The files reveal the psychics "may have accessed some features of the target" - that is, the images. Later, it even talked about recruiting one or two of the psychics to "go after the sensitive targets".
The next part of the study was blacked out but coming so close to 9/11 would suggest that terrorists were the "targets".
It is well known that most police forces have used psychics for years, but the extent to which the Government and the MoD use them is unknown.
Nick said: "According to documents recently released, it transpires that defence intelligent staff have also been dabbling in other fringe science areas.
"These include exotic propulsion systems and even the possibility of using energy fields to modify people's behaviour, hinting at the exploration of mind control."
Nick suspects much of the research is contracted out to defence corporations run by ex-military, which means the MoD can get round the Freedom of Information Act.
Quinitiq, the recently privatised UK defence research organisation, have been doing research into invisibility and Bae Systems were looking at anti-gravity.
Nick admits that when he was first given the job of looking into unexplained phenomena, he was sceptical.
But his research into UFO sightings and access to formerly classified files soon convinced him that the phenomenon raised important defence issues, especially when the witnesses were military pilots or where UFOs were tracked on radar.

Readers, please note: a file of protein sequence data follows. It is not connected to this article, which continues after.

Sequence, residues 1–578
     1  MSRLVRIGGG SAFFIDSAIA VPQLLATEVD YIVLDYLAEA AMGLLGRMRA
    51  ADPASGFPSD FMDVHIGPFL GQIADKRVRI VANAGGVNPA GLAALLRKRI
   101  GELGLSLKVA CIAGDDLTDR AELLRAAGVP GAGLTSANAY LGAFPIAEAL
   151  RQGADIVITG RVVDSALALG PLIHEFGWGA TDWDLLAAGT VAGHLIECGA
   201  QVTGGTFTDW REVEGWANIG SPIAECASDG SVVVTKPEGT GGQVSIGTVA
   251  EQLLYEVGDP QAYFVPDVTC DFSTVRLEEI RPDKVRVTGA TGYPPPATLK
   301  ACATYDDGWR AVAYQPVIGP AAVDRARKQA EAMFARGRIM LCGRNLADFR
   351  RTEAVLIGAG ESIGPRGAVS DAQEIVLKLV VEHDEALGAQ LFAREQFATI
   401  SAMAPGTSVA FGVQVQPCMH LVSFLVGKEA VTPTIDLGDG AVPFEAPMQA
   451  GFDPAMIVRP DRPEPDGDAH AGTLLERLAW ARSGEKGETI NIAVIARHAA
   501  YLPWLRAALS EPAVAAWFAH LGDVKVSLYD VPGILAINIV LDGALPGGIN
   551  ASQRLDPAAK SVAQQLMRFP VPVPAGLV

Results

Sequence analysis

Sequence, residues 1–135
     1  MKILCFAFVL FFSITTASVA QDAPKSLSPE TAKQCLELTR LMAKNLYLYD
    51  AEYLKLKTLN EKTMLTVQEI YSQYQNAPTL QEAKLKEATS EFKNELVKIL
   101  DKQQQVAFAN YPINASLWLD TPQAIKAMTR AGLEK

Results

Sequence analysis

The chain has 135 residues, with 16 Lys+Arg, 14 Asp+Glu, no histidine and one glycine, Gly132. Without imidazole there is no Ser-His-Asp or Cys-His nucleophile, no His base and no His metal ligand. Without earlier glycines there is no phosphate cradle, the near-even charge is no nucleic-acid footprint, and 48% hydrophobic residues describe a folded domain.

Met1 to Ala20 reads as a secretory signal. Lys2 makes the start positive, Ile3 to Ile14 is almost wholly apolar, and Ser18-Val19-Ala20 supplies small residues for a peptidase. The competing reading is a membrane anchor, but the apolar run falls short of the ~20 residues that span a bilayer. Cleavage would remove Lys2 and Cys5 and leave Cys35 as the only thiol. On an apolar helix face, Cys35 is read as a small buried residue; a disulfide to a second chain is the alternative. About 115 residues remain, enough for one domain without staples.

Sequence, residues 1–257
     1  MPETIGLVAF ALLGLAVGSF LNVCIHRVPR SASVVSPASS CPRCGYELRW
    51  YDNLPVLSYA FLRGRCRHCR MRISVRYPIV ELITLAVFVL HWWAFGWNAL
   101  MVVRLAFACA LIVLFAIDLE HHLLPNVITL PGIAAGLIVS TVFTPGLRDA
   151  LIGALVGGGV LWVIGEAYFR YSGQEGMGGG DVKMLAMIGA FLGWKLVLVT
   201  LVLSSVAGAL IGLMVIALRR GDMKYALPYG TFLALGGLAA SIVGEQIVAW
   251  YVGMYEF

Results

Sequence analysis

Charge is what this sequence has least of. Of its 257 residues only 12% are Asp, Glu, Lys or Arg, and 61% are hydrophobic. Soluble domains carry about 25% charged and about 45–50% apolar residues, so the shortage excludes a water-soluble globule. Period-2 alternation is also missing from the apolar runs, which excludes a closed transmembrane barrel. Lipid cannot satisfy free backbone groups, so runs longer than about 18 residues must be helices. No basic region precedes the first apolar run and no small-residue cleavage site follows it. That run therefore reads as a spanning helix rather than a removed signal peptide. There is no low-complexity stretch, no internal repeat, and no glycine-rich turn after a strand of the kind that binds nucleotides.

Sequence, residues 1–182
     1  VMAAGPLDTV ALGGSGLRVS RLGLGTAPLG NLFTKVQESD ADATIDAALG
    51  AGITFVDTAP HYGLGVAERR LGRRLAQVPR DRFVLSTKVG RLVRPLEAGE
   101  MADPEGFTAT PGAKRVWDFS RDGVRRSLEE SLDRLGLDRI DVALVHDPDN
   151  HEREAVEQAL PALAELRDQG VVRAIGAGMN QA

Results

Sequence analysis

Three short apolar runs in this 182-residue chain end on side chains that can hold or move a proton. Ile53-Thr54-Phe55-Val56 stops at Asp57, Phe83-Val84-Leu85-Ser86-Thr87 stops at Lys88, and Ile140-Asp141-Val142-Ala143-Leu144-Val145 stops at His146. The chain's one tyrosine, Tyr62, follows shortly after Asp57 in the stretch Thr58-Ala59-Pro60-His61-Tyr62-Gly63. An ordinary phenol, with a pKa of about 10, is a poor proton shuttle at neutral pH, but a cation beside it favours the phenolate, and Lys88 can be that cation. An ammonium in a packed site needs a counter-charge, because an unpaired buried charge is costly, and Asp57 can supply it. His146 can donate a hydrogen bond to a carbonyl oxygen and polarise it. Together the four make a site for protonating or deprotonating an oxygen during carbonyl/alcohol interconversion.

He said about 80 per cent of UFO sightings could be explained as misidentifications of something ordinary, such as aircraft lights or satellites.
And he admitted that in about 15 per cent of cases there was insufficient information to draw any firm conclusions.
But he said approximately five per cent of sightings, including some in Bonnyrigg, Midlothian, seemed to defy conventional explanation.
A new survey has shown that 88 per cent of people in the UK didn't know their Government had fringe science projects and 77 per cent thought it was a waste of money.
But Nick said: "At first, I probably thought it was a waste of time and money as well, but these are fairly modest bits of research.
"Tome, all the scientific progress we have made has come about because we dared to dream and push the envelope of human understanding to the limit.
"If we took the view that all these things are a waste of money, we probably would never have developed the aeroplane or the rocket.
"There were always people in history saying that things were impossible but we did it anyway. Some of these things may just be things we haven't figured out how to do yet. It seems crazy not to try."
Fringe stars relatively unknown Australian actress Anna Torv, probably best remembered for playing a lesbian love interest in the BBC series Mistresses, and the two-hour pilot cost £5million.
The show will stick to familiar paranormal territory but, in a departure from JJ Abrams' Alias and Lost, each episode can stand alone.
Abrams hopes people's fascination with fringe science will get them tuning in to his latest production on Sky.
He said: "It's definitely meant to scare the hell out of you, but it's also meant to make you laugh."
'It transpires that defence intelligence staff have been dabbling in other fringe science areas'
Edited by: Laywer Asad